Trading Discipline: How much to trade
This is our second blog post on trading discipline. In our previous post on trading discipline, we had discussed the importance of adequate risk reward in trading. In this post, we shall write about the trade sizing.
You recently landed up a hefty annual bonus and want to park these funds for quick returns. Mutual funds are too conservative for you. You want quick returns; hence long term investments in stock markets do not fit your requirements. You have seen many stocks doubling or tripling over the last 6 months and expect the bull run to continue. Hence, you decide to take short term trading positions in the market.
We want to reiterate that trading is inherently risky and requires, in addition to deep understanding of chart patterns, a lot of discipline. Be advised that trading is not a quick way to make money. Retail investors, in general, lack trading discipline and struggle to keep emotions out of trading. Therefore, we do not recommend active trading to retail investors. However, if you have decided to trade actively, we suggest you work hard towards your technical analysis skills and allocate only a small portion of your investable funds towards active trading. Do not act on tips or hot stock ideas, do your homework before entering a trade and keep emotions out of trading.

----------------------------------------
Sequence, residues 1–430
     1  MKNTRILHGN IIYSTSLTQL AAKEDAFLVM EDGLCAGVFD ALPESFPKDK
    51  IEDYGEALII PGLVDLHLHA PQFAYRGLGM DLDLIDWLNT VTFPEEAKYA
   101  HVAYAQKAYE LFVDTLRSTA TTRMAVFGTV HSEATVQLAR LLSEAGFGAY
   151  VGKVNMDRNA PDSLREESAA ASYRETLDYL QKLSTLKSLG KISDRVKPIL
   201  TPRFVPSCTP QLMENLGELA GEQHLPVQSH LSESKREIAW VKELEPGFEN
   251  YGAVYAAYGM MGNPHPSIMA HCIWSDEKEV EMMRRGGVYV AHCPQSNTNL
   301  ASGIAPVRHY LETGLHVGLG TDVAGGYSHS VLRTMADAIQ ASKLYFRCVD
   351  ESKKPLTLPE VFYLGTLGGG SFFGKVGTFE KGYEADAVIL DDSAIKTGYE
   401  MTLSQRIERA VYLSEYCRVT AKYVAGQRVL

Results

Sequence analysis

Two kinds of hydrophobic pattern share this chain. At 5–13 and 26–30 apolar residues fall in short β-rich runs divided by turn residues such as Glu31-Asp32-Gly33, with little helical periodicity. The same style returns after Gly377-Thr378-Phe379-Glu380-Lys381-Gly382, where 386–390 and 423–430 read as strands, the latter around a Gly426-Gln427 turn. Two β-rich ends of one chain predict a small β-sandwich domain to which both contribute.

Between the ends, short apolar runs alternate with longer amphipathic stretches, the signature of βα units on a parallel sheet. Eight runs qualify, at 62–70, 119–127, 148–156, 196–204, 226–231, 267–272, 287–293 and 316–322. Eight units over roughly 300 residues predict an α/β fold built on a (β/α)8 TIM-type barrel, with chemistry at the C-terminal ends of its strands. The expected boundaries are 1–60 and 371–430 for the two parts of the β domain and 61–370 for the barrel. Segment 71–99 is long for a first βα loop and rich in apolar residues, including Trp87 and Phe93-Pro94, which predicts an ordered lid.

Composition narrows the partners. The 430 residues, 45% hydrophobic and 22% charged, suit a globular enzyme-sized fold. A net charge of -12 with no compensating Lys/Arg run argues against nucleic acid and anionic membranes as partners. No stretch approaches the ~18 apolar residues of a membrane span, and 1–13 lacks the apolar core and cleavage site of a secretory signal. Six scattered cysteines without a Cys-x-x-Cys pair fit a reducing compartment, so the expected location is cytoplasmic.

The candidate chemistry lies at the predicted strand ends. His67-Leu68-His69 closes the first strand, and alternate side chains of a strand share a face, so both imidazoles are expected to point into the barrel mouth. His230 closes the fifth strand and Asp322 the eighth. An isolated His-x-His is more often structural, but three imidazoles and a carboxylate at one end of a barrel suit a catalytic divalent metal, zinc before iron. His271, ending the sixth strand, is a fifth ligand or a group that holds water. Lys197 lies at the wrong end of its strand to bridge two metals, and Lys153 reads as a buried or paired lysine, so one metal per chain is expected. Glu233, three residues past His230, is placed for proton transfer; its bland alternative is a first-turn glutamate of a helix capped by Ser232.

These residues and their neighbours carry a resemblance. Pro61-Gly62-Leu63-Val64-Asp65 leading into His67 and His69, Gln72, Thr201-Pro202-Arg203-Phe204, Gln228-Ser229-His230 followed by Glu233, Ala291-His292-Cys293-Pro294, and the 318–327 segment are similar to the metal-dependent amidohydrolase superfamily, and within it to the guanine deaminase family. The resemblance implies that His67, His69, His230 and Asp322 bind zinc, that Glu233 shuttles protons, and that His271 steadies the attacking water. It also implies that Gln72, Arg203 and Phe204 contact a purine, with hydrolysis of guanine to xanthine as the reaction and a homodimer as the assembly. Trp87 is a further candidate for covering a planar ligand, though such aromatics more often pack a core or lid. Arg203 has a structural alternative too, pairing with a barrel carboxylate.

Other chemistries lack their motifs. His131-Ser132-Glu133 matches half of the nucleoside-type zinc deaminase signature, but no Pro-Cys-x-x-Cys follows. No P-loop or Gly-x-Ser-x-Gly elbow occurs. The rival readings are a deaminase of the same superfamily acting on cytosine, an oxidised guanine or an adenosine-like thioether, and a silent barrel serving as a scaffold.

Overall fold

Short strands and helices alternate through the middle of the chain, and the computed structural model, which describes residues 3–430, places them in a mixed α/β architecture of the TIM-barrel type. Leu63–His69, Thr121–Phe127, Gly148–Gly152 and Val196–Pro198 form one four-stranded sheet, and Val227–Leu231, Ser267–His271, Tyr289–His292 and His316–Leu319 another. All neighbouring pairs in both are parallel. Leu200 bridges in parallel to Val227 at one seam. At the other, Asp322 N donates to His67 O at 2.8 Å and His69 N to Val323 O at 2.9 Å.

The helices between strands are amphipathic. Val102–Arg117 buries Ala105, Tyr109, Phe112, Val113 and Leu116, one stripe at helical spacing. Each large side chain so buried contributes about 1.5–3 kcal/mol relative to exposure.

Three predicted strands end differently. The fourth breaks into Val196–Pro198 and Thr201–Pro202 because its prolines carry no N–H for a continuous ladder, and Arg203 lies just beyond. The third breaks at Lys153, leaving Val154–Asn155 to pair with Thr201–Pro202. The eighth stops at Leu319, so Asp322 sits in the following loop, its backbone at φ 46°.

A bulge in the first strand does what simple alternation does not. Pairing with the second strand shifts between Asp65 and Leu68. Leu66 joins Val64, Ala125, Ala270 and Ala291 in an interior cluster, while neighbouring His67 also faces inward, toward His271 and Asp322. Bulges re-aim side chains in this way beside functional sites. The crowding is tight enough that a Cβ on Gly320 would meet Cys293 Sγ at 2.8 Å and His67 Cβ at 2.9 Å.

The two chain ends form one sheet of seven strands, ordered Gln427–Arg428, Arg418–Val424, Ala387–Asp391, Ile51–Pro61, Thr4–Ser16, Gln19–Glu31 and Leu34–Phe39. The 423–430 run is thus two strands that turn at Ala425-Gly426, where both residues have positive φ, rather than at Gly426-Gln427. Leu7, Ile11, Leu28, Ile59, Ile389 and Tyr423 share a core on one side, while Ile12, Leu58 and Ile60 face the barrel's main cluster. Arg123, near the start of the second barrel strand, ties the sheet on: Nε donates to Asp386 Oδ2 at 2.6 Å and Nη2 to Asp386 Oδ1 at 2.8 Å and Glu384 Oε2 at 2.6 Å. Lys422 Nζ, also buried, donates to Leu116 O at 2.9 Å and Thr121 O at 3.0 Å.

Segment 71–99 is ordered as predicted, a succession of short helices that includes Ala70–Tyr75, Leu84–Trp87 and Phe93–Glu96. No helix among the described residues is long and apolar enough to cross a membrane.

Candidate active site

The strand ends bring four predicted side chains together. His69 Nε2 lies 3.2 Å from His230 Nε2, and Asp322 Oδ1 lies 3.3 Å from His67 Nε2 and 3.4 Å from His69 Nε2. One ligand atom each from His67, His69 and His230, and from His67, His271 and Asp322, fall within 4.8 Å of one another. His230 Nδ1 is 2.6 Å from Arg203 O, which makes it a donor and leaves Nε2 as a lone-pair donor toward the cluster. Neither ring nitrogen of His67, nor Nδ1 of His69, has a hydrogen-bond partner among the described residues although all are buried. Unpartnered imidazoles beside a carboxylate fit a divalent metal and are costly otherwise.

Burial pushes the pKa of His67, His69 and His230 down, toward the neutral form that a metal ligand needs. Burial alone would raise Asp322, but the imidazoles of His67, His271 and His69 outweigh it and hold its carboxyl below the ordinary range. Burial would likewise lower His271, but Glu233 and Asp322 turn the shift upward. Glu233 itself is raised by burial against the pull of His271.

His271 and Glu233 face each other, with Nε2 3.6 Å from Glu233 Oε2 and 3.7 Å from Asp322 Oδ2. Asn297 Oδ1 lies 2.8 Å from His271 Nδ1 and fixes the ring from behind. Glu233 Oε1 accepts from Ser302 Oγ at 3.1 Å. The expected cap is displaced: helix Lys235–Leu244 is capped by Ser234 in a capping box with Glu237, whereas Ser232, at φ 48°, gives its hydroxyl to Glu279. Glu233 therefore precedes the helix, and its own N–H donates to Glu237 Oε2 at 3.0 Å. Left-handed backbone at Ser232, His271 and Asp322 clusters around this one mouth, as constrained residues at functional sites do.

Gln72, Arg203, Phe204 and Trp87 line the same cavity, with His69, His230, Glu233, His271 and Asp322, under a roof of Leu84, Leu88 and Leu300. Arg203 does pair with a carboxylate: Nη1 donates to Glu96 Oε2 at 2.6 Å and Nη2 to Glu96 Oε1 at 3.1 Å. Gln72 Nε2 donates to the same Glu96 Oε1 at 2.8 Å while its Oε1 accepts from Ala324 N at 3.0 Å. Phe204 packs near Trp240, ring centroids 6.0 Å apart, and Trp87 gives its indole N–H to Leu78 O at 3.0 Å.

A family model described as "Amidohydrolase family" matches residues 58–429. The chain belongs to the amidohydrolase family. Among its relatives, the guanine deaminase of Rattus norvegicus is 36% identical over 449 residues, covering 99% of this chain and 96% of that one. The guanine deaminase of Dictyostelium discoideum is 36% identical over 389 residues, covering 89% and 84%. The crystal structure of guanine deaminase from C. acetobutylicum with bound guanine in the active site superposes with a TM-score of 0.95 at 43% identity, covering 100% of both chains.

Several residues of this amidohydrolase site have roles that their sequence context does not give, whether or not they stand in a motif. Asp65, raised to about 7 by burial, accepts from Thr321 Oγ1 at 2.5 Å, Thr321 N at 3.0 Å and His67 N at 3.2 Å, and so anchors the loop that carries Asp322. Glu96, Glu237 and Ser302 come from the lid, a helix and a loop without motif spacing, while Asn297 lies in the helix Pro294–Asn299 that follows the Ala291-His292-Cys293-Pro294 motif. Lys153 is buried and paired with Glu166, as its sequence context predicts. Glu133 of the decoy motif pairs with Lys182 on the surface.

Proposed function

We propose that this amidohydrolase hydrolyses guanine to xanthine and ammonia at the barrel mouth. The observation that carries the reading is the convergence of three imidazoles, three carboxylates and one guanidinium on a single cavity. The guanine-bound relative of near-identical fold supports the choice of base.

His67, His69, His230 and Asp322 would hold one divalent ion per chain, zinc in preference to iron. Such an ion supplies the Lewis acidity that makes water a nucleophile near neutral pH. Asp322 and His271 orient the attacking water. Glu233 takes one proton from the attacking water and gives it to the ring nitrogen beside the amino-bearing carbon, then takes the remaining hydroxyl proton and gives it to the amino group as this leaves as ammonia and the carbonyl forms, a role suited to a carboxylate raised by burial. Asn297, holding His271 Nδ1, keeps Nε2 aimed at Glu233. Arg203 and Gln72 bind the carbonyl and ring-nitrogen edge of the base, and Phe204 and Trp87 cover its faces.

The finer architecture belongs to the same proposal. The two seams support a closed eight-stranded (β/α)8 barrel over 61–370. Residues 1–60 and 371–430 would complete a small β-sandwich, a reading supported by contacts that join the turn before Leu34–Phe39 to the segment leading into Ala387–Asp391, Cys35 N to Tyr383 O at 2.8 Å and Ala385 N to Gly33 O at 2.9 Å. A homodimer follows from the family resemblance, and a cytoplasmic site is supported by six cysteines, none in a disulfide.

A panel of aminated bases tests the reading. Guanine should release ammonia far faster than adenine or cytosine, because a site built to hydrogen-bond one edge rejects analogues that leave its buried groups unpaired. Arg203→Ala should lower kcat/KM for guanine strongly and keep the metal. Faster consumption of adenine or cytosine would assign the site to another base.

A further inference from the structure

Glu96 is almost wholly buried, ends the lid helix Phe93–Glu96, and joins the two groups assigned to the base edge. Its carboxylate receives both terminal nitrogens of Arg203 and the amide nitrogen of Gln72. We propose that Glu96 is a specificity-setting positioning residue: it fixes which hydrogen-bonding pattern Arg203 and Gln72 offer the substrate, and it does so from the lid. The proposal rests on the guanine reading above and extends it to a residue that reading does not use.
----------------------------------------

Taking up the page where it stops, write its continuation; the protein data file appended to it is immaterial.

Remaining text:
You have spent a lot of time developing your skills in technical analysis. You understand the importance of a favourable risk reward in the trade but are not sure about how big a position you should take. Should you bet all your capital on a single trade or divide the capital and take multiple trades? Well, it makes sense not to put all your eggs in one basket. However, the more important part is how much risk you are willing to take on the each trade undertaken. You put all your capital in a single trade and lose 50% on that trade or divide your capital among 5 different trades and lose 50% of each of those trades. You lose 50% of your capital in both the cases. We are not arguing that you put all of your money in a single trade. We are arguing that you must not lose 50% of your capital so soon.